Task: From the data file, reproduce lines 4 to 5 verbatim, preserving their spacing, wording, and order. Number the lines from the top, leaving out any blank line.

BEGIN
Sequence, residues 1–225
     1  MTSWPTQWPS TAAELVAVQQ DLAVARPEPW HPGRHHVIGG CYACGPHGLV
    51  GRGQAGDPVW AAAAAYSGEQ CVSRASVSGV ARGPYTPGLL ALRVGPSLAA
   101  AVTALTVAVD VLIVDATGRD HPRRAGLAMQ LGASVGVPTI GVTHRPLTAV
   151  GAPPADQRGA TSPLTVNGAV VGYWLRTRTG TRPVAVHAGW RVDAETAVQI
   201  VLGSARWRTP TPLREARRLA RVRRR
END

   101  AVTALTVAVD VLIVDATGRD HPRRAGLAMQ LGASVGVPTI GVTHRPLTAV
   151  GAPPADQRGA TSPLTVNGAV VGYWLRTRTG TRPVAVHAGW RVDAETAVQI